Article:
Our celebration was pretty common day. We went to Market, and a few customers showed up, so it wasn't a total bust. Then we got a sandwich, and drove around town to check out the activity. There wasn't any. At least outside of a few garage-grilling groups of friends and family. So we resigned ourselves to an ice cream cone treat, and went home. There we watched 2 fireworks shows on TV, (much quieter than live), and then a smaller live show courtesy of several neighbors from the front porch.

The significant entertainment came from the hay. The season of grass this year has been quiet opposite of last, thankfully. The grass was tall from all the timely rains.





Yes, it was 5 foot high and rising. So tall and thick in places it was difficult to mow, and harder to get to dry.


So it was raked into windrows, and some turned once, some twice.

How good it is to see how well it has taken hold, considering the drought of last year.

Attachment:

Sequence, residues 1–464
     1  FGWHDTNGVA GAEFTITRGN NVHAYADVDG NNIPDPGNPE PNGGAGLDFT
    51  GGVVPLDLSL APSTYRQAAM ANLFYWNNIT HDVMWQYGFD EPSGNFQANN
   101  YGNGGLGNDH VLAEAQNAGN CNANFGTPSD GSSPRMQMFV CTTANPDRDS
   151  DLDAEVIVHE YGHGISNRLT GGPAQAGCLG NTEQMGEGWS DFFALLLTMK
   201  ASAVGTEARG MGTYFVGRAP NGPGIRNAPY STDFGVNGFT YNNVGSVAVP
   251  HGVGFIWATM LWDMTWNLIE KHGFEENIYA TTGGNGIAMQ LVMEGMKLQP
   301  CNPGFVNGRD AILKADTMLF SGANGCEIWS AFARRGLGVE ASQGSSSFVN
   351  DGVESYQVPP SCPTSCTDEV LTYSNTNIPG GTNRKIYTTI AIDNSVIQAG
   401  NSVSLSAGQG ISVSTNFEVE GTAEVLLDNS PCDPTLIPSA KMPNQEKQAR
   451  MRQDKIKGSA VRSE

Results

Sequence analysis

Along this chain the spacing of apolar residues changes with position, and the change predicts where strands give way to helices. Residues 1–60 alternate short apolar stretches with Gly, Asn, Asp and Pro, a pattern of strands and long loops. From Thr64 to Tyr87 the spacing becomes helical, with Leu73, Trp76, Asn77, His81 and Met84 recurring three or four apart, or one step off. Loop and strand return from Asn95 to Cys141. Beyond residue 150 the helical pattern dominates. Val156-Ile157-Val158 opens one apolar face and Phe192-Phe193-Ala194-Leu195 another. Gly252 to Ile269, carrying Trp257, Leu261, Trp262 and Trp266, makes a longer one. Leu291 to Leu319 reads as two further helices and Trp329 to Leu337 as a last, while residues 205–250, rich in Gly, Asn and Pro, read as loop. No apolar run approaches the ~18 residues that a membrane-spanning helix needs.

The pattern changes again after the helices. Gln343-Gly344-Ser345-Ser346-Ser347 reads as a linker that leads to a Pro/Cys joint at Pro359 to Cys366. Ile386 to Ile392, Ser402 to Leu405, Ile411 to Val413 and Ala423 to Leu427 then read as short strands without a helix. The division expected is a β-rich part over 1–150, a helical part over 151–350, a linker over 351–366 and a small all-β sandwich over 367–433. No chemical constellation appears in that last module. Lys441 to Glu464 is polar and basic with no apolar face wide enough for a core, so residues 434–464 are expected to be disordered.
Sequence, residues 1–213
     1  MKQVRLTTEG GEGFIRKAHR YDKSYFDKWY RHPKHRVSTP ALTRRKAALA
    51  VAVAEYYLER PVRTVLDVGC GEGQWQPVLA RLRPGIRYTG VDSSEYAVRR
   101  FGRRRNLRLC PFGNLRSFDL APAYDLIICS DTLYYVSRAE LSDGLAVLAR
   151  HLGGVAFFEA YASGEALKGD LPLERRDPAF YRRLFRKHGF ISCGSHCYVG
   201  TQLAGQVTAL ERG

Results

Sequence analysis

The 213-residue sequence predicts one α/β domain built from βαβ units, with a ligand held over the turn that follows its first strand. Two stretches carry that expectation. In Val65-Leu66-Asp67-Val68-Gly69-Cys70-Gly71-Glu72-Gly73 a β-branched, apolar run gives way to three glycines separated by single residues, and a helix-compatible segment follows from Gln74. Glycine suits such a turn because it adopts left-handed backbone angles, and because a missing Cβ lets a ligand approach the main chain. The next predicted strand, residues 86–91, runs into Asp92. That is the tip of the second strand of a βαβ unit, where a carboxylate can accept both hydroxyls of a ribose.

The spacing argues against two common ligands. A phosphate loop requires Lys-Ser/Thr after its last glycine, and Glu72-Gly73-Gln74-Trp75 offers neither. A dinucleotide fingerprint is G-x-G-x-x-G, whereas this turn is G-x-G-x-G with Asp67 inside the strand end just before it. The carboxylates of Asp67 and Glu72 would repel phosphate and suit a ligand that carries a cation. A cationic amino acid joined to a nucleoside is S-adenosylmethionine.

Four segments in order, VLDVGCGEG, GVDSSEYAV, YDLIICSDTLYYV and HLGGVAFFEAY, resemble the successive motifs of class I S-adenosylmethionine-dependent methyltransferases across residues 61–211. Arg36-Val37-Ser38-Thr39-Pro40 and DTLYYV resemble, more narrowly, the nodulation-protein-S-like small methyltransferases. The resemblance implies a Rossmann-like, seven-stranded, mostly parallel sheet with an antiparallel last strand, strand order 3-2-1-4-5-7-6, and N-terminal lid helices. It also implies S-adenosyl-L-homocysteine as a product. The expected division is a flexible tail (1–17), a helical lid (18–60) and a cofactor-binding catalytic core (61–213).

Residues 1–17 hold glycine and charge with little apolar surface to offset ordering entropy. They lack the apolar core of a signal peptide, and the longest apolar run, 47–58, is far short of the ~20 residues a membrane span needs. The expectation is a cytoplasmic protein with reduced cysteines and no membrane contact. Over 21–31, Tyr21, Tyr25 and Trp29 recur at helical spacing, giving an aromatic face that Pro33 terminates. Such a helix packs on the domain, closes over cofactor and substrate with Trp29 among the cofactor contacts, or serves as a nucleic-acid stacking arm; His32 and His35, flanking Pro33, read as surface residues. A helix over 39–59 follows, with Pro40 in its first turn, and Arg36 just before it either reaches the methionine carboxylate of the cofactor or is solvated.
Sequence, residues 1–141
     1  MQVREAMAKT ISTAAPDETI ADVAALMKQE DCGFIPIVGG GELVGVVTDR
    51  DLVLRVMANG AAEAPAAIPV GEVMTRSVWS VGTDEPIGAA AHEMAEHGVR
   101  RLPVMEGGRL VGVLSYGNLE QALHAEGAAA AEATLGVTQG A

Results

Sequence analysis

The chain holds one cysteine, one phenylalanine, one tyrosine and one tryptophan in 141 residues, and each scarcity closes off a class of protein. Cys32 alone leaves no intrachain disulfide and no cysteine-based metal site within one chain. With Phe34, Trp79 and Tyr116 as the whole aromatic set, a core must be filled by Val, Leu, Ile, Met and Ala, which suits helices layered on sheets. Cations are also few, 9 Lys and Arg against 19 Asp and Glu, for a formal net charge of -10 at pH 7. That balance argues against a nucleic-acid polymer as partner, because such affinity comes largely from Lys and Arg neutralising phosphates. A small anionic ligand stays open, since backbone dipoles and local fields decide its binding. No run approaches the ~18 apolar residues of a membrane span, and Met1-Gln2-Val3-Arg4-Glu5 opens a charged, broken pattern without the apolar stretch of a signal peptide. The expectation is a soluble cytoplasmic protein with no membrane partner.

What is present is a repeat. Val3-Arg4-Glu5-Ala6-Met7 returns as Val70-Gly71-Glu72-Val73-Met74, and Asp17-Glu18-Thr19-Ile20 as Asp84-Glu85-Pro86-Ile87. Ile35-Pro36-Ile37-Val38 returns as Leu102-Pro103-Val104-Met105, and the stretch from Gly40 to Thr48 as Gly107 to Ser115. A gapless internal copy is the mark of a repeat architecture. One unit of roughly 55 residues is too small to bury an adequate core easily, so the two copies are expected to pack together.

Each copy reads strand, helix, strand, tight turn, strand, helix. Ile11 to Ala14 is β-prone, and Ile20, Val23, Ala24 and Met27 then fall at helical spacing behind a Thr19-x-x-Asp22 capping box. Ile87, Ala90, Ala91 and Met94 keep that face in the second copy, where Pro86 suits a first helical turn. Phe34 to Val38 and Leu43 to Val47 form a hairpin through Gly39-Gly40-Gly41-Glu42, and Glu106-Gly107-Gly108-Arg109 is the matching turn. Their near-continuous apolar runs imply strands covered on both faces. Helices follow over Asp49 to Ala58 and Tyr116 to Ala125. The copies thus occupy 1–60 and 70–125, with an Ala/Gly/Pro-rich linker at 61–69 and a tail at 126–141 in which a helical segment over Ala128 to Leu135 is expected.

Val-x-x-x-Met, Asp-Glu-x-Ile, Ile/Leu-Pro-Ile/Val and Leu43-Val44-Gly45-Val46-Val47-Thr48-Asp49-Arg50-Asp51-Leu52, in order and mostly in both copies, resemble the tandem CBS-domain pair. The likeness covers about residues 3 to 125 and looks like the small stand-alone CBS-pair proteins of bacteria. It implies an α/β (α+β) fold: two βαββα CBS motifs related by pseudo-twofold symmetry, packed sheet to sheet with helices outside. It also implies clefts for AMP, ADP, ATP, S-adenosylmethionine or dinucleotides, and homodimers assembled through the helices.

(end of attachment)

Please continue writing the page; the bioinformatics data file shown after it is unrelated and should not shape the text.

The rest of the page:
In the early afternoon, we walked out to check on the drying windrows.




It was, indeed, heavy and still slightly wet underneath, especially in the sheltered spots. We rolled some of it over, glancing again at the sky. We escaped the serious rain of earlier this week, and were not looking to welcome more.

While Don continued rolling over the grass, I was checking out the Mulberries.  There are several trees along the north fork of the creek, but the winds have not been kind to the 'berry lover. There were some left, and of course I sampled them all, but found none good enough to inspire me to retrieve the buckets and stained sheets.  Sigh. Maybe next year.